# Would the inverse of limit comparison test also be true?

Limit comparison test:

If the positive functions f and g are continuous on $$\left [ a, \infty \right )$$ and if $$\lim_{x\rightarrow \infty }\frac{f(x)}{g(x)}=L$$ where $$0< L< \infty$$ then $$\int_{a}^{\infty }f(x) \ and \ \int_{a}^{\infty }g(x)$$ both converge or both diverge.

Now let's assume the opposite. Under the same conditions, except $$L =\left \{ 0,\infty \right \}$$

Now, can we say one of $$\int_{a}^{\infty }f(x) \ and \ \int_{a}^{\infty }g(x)$$ converges and the other diverges?

• Consider on the convergent hand the pair $e^{-x},\; e^{-x^2}$, and on the divergent the pair $x^{-1/2},\; x^{-1/3}$. Jan 17 '17 at 14:03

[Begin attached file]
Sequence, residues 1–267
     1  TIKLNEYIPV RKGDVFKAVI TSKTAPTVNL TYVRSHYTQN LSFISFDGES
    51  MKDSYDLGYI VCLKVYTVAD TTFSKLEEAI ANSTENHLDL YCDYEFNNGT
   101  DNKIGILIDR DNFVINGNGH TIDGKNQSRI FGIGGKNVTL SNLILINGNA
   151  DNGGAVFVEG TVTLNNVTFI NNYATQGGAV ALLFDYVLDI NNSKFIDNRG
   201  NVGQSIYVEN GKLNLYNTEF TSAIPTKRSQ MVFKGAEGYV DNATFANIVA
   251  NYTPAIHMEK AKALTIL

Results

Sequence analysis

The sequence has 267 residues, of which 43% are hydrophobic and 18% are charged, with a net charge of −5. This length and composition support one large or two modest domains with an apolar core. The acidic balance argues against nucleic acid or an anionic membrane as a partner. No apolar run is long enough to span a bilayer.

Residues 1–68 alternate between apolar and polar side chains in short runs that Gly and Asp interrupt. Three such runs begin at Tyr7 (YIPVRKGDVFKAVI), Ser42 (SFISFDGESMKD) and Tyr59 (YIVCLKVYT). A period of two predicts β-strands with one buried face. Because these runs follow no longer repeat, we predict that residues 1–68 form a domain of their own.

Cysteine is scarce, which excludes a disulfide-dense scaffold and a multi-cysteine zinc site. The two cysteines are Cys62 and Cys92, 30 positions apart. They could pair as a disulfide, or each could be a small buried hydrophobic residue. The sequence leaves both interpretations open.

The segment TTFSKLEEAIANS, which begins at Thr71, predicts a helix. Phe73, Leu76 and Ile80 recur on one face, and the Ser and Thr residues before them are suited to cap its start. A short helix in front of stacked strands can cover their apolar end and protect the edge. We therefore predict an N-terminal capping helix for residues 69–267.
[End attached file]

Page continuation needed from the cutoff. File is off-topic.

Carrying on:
No you cannot. Take $f(x)=0$ and $g(x)$ to be any convergent function. Then, both integrals converge, even though $L=0$.

Or, take $f(x)=e^{-x}$ and $g(x)=\frac{1}{x^2}$. Then both integrals converge even though $L=\infty$.

The thing is that the original statement is of the type

If ($A$ and $B$), then $C$

While you want to use it to prove

If ($A$ and not $B$), then not $C$

Which is clearly not always true.

For example, "if there will be rain and storms tommorow, I will need an umbrella" is true, but "if there will be rain, but no storms tommorow, I will need an umbrella" is clearly false.

• what if L only equals infinity?
– Huzo
Jan 17 '17 at 13:59